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The History of Early Period Oak Furniture through the Tudorbethan Period

History Category -> The History of Early Period Oak Furniture through the Tudorbethan Period

Chests of Drawers and Tallboys

The Period of oak design furniture the chest was probably the earliest form of household furniture. It originated, no doubt, as the result of a need felt for a receptacle in which various personal articles could be not only stored, but carried about when travelling. Its actual uses, however, were manifold, embracing those of a table, seat, side table and even as a bed. In its simplest form it consisted of six boards, five of which formed the sides and bottom, and the sixth the top. The early types up till the end of the reign of Henry VIII were either quite plain or crudely carved with Gothic designs representing tracery windows and other Gothic details. Fig. 1 is an example of this type with two crudely-cut panels representing tracery and leafwork. This solid-board type of chest was still being made in the later years of the 16th century and onwards in provincial districts for the poorer classes, their construction being far simpler and the cost lower.
A more advanced type of construction is the framed­up method. This form was begun in the early 14th century, and was of the style usually made during the Elizabethan period. The chest consisted of four corner posts with rails tenoned into them and with panels let into grooves. In early chests the uprights and intermediate rails when moulded at the edges were butted between the horizontal rails, the lower rail being usually bevelled on the top edge. Later, the mouldings were mitred, although the bevel on the lower rail was often continued. Fig. 2 is an Elizabethan panelled chest with carved frieze rail and panels and with channellings worked on the rails. In  the Period of oak design furniture theJacobean chest, Fig. 3, the Elizabethan motif of the lunette is continued. The panels, however, are geometrically treated, each being subdivided to form five small panels, the centre one of which is raised. The whole treatment is coarse in character.

Period of Oak Furnitre Design Chests-Tallboys

There is a great number of these Jacobean chests still in existence, although those dating from towards the end of the century are, as a rule, country-made specimens, since the use of walnut had developed other fashions in the towns. A chest with a drawer is shown in Fig. 4, and this type shows the origin of the chest of drawers. The drawer or drawers were at the bottom, the lid opening in the usual chest form, thus combining the convenience of a drawer with the old idea of the chest. Fig. 5 is another example of crude construction and carving, and has two drawers at the bottom.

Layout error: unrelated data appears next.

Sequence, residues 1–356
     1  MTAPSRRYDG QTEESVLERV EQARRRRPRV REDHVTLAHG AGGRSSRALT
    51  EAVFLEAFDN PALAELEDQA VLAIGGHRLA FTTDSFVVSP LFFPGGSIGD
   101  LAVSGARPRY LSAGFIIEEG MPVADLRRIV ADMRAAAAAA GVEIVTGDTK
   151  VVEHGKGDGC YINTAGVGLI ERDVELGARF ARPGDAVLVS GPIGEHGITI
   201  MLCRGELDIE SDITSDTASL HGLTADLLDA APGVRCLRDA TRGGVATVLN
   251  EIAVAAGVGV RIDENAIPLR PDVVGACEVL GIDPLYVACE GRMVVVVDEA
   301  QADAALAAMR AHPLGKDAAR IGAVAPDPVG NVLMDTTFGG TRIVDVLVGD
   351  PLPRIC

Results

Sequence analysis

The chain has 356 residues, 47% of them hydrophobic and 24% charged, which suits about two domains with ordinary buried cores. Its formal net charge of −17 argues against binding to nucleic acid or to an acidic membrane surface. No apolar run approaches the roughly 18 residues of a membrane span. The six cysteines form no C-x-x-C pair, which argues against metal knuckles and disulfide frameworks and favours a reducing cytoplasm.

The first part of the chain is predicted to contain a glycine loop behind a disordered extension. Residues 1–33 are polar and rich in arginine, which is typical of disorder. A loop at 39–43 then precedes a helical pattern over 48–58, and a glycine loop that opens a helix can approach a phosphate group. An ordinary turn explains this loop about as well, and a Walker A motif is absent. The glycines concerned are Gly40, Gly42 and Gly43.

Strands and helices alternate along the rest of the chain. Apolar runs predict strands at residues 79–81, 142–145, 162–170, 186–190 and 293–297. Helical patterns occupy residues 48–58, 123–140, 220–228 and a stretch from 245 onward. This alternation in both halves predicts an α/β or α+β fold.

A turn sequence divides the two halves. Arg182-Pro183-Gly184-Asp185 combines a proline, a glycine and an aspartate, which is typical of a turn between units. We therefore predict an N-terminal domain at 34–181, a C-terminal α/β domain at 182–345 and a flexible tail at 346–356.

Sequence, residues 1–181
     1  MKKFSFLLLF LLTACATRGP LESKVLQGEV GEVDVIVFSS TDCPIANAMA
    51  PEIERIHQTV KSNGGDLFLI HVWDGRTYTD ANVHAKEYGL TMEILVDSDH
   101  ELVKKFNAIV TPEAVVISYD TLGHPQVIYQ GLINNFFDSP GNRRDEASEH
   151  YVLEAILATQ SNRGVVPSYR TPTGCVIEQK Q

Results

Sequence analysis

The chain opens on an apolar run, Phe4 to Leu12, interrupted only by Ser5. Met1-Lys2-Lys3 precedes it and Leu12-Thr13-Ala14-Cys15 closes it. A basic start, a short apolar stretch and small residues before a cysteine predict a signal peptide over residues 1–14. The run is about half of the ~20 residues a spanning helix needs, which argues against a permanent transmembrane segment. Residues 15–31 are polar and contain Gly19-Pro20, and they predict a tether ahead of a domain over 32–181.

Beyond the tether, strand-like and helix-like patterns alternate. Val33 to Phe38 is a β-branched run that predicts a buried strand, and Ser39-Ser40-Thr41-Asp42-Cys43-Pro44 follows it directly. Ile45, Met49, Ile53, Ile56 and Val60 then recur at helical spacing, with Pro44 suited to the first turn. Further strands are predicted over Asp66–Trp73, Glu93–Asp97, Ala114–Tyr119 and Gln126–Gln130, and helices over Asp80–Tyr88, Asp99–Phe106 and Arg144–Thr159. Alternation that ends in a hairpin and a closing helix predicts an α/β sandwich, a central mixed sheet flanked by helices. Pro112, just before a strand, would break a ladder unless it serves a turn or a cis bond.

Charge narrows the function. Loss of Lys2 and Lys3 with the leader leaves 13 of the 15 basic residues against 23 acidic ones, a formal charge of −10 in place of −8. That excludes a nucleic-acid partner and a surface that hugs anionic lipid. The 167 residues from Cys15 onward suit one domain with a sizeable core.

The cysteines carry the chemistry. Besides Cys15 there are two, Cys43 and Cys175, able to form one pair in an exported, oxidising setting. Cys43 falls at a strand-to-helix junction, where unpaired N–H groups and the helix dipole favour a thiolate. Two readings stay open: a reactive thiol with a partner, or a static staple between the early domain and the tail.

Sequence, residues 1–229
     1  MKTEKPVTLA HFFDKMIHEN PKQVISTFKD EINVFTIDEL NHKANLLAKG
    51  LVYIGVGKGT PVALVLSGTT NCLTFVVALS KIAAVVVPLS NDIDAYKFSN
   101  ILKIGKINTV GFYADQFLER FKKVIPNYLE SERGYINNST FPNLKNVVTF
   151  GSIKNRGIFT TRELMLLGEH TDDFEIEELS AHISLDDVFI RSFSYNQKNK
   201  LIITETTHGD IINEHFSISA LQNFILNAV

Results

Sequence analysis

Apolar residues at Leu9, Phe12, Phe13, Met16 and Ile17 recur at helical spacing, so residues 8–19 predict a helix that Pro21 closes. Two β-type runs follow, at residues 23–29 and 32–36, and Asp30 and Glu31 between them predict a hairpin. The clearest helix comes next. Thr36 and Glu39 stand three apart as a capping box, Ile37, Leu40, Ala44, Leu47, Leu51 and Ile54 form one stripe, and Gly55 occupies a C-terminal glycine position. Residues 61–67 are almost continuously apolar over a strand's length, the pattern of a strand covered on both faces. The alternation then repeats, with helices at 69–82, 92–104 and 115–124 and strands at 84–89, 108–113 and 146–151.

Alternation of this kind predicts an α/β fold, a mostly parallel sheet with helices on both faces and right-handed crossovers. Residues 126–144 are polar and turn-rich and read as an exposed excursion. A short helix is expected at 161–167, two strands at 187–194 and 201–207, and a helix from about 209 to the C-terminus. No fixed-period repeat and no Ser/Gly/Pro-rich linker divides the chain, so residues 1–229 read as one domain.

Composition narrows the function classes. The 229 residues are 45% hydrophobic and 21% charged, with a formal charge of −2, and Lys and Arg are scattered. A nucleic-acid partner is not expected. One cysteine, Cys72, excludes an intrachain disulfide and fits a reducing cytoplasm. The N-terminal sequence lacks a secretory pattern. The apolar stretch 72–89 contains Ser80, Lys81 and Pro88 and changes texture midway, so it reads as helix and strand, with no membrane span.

The next step in the evolution was to do away with the upper chest portion and utilise the space for extra drawers. Fig. 6 is an example of an early chest of drawers, in which it will be seen that the spacing of the drawers is very irregular. The drawer fronts are decorated with the usual Jacobean motif of mitred mouldings.
During the latter half of the 17th century the period of oak  design chest of drawers were often mounted on stands, these at first being low and later somewhat higher. Fig. 7 is a walnut chest of the William and Mary period, with the drawer divisions of a flat, rounded section.
The tallboy proper of the Queen Anne period consisted of two chests, one mounted on the other, although in some cases the stand (mostly having drawers also) was continued, usually with cabriole legs. The double chest type stood either upon bracket feet or small turned ball feet. Fig. 8 is a typical Queen Anne tallboy of veneered walnut. The tallboy was continued throughout the 18th century, although a great many simple low chests were also made.
Fig. 9 is a chest of the Chippendale period, and probably made in imitation of his style. The canted corners are a typical feature.

1. Oak chest, composed of boards secured together. The carving on the front is of Gothic character. Tudor Gothic Period. About 1500.

2. Oak chest of the panelled type. The panels are carved with conventional renderings of leaf and flower work. Elizabethan Period. Second half of 16th century.

3. Oak chest with geometrically formed panels. The uprights and top rails are carved with lunettes. Jacobean Period. Second half of 17th century.

4. Oak chest with drawer in the lower portion. The top opens as a lid as in the usual form of chest. Jacobean Period. Early 17th century.

5. Oak Chest with drawers. The whole is profusely ornamented with coarse carving. Jacobean Period. Middle 17th century.

6. Oak Chest of drawers. The drawer front are raised and decorated with applied mouldings. Late Jacobean Period. Second half of 17th century.

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